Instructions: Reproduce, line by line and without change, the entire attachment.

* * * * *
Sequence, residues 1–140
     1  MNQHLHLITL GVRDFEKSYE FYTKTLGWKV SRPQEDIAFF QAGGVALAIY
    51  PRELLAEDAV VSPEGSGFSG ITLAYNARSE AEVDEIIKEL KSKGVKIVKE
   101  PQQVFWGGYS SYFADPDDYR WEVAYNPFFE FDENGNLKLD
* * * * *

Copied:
Sequence, residues 1–140
     1  MNQHLHLITL GVRDFEKSYE FYTKTLGWKV SRPQEDIAFF QAGGVALAIY
    51  PRELLAEDAV VSPEGSGFSG ITLAYNARSE AEVDEIIKEL KSKGVKIVKE
   101  PQQVFWGGYS SYFADPDDYR WEVAYNPFFE FDENGNLKLD